1 2 Previous Next 18 Replies Latest reply on Apr 19, 2018 10:14 AM by Eric Hammond

    Writing SQL in Tableau

    TaRan Wilson

      Is it possible to write SQL in Tableau, like you would for a calculated field? I know I can create a custom SQL query when connecting to data sources, but that's not exactly what I'm looking for.

       

      There is a query that is ran in SQL that gives me a percentage that my company uses in it's report. When I try to recreate that in Tableau, my calculation is always .03% off. While that doesn't seem like a lot, for what it's used for, it's a significant difference. I was thinking that if I could use my SQL query in Tableau, somehow, I could get the correct percentage. Below is the code, in case it helps someone help me figure this out.

       

      select cast (NUM.location as real) / cast (DENOM.location as real) * 100

      from (select count (*)location from locations

      where locations.status in ('OPERATING', 'Waiting - Equipment', 'Waiting - Fiber Cut', 'Waiting - GDOT', 'Waiting - Power', 'Waiting - Other', 'Waiting - Loops') and locations.type = 'OPERATING'

      and locations.billingschema = 'Standard' and (locations.subcontractor = 'BBH-M' or locations.subcontractor = 'BBH-R')) NUM, (select count (*)location from locations

      where locations.status in ('OPERATING', 'DOWN', 'Waiting - Equipment', 'Waiting - Fiber Cut', 'Waiting - GDOT', 'Waiting - Power', 'Waiting - Other', 'Waiting - Loops') and locations.type = 'OPERATING'

      and locations.billingschema = 'Standard' and (locations.subcontractor = 'BBH-M' or locations.subcontractor = 'BBH-R')) DENOM;

        • 1. Re: Writing SQL in Tableau
          Eric Hammond

          Hi TaRan,

           

          Will you please share your Tableau calculated field that is intended to have the same result as the SQL?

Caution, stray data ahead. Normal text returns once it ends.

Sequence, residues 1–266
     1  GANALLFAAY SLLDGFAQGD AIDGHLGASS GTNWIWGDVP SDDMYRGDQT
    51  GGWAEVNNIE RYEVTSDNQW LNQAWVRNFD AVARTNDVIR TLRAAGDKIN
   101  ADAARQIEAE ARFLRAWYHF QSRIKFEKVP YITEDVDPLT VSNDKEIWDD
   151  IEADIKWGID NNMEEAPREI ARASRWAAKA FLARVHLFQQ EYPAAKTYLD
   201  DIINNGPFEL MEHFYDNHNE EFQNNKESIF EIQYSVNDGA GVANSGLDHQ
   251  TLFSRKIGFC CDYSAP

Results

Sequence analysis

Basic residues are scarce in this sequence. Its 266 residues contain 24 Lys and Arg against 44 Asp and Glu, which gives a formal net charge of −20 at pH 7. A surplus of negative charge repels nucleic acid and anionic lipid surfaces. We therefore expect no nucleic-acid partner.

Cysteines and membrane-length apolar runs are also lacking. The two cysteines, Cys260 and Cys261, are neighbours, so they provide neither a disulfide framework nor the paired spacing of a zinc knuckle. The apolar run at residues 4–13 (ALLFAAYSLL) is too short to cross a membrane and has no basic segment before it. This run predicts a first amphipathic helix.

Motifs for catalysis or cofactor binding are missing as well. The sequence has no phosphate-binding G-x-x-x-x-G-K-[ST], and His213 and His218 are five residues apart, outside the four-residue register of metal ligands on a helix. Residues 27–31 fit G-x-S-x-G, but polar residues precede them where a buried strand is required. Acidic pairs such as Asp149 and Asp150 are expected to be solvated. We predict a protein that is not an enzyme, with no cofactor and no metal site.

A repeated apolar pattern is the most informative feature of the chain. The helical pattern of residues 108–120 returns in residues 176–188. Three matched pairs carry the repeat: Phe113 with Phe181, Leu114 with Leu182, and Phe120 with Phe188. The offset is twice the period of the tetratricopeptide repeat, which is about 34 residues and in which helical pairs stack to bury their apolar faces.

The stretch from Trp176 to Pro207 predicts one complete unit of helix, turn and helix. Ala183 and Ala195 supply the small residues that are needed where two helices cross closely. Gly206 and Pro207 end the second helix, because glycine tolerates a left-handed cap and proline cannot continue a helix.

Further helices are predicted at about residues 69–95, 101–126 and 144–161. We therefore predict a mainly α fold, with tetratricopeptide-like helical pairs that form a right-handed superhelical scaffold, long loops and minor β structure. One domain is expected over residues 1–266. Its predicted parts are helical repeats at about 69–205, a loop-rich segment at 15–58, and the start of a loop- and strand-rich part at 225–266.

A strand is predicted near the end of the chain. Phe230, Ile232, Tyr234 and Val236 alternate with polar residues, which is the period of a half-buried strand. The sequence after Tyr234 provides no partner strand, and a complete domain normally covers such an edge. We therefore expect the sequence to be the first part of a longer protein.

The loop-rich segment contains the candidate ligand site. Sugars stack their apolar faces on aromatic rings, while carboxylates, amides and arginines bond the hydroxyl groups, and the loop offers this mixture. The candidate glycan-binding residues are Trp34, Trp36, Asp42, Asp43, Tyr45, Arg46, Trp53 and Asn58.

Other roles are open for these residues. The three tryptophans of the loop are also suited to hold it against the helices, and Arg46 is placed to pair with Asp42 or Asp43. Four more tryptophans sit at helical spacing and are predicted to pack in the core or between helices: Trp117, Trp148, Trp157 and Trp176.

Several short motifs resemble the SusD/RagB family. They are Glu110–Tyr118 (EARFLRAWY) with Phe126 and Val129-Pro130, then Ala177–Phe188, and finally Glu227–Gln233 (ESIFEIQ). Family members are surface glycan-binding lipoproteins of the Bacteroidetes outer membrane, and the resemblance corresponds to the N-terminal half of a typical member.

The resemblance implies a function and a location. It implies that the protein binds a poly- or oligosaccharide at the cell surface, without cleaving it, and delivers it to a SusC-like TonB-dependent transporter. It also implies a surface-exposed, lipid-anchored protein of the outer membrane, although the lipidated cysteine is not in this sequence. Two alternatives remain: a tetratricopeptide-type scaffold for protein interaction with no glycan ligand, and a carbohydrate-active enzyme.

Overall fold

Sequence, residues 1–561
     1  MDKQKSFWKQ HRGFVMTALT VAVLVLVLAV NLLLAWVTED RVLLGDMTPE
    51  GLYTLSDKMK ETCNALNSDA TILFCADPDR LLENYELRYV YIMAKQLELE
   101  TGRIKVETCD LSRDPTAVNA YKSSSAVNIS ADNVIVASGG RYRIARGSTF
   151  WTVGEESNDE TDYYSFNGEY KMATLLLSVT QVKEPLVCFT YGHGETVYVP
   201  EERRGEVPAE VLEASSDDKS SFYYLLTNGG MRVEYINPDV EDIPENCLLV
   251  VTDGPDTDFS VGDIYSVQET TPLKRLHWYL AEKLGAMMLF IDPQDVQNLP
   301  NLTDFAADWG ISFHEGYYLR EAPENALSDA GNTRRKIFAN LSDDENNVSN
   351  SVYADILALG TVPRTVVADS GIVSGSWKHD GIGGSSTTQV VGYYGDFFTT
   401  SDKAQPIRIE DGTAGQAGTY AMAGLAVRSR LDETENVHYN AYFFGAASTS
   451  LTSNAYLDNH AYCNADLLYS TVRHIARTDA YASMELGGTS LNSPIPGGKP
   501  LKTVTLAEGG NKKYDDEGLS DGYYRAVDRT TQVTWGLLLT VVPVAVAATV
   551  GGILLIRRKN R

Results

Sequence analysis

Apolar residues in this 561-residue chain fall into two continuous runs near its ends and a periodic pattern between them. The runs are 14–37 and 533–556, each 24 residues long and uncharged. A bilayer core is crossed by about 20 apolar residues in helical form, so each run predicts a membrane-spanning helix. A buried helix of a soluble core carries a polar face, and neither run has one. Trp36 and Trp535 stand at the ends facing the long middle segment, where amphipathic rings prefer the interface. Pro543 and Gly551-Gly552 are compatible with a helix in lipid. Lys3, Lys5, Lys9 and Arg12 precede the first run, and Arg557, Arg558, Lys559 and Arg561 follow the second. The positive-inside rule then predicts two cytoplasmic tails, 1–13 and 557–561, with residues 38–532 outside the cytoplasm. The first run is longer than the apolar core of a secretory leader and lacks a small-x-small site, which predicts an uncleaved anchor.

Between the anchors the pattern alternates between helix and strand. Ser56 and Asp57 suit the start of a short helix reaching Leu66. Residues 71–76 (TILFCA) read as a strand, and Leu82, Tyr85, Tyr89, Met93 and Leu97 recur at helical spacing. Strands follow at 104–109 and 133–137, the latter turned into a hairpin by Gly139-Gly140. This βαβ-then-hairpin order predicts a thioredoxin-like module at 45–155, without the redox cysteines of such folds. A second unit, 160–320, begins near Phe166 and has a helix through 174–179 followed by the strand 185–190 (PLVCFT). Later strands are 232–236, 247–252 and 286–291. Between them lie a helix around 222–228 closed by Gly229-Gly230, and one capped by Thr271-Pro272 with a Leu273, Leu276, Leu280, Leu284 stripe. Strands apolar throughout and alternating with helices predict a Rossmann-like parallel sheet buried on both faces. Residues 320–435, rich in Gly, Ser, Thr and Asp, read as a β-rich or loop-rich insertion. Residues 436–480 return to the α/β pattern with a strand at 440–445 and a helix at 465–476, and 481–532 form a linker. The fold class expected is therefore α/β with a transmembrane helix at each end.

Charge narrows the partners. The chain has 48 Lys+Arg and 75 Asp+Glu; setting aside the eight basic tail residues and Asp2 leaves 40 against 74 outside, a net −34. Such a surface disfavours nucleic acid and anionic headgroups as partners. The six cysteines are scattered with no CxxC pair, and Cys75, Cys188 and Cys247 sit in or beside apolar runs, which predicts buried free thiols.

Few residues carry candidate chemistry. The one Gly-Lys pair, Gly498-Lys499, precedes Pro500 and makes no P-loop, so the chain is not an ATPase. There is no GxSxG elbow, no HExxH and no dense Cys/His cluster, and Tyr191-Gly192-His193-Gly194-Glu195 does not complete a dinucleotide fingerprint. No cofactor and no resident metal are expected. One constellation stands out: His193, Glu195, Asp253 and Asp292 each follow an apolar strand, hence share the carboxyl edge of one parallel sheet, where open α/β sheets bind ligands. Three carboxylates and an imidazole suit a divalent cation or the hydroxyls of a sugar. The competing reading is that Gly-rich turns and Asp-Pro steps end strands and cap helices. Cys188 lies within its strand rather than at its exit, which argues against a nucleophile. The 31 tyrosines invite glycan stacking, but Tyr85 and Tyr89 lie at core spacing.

• 2. Re: Writing SQL in Tableau
            TaRan Wilson

            Will a screenshot suffice?

             

            sql tableau.png

            • 3. Re: Writing SQL in Tableau
              Eric Hammond

              I see a table calculation based on a distinct count of locations - but since the name is cut off I don't know whether it considers more than that; the table calculation could be a number of different things.  Let's back up a level.

              Duplicate the sheet so that you can work on a copy without worrying about the original

              remove the CNTD(Location... table calc from the marks shelf.

              Create a calculated field for DEN: IF Status = 'operating' or Status = 'down' or  ...etc. ...THEN 1 ELSE 0 END; add it to the text tile on the marks shelf

              Create a calculated field for NUM: IF Status = 'operating' or Status = 'waiting equipment' or .... etc. ... THEN 1 ELSE 0 END; add to the text tile on the marks shelf.

               

              Are the numerator and denominator totals as expected?

              • 4. Re: Writing SQL in Tableau
                TaRan Wilson

                Thanks for the help this far Eric.

                 

                When creating the calculated fields you suggested, I do not get the expected results. What I get is the same result as before, with using CNTD(Location Count) pill. Below is the CF that I created from your suggestion.

                 

                IF [Status (Locations)] = 'OPERATING' or [Status (Locations)] = 'down' or [Status (Locations)] = 'Waiting - Equipment'

                or [Status (Locations)] = 'Waiting - Fiber cut' or [Status (Locations)] = 'Waiting - GDOT' or [Status (Locations)] = 'Waiting - Power'

                or [Status (Locations)] = 'Waiting - Other' or [Status (Locations)] = 'Waiting - Loops'

                THEN 1

                ELSE 0

                END

                 

                Then that's duplicated (minus the "down" status) for the second field. I've attached a packaged workbook. Maybe it'll help. Refer to the "testing" tab for what we've worked on here.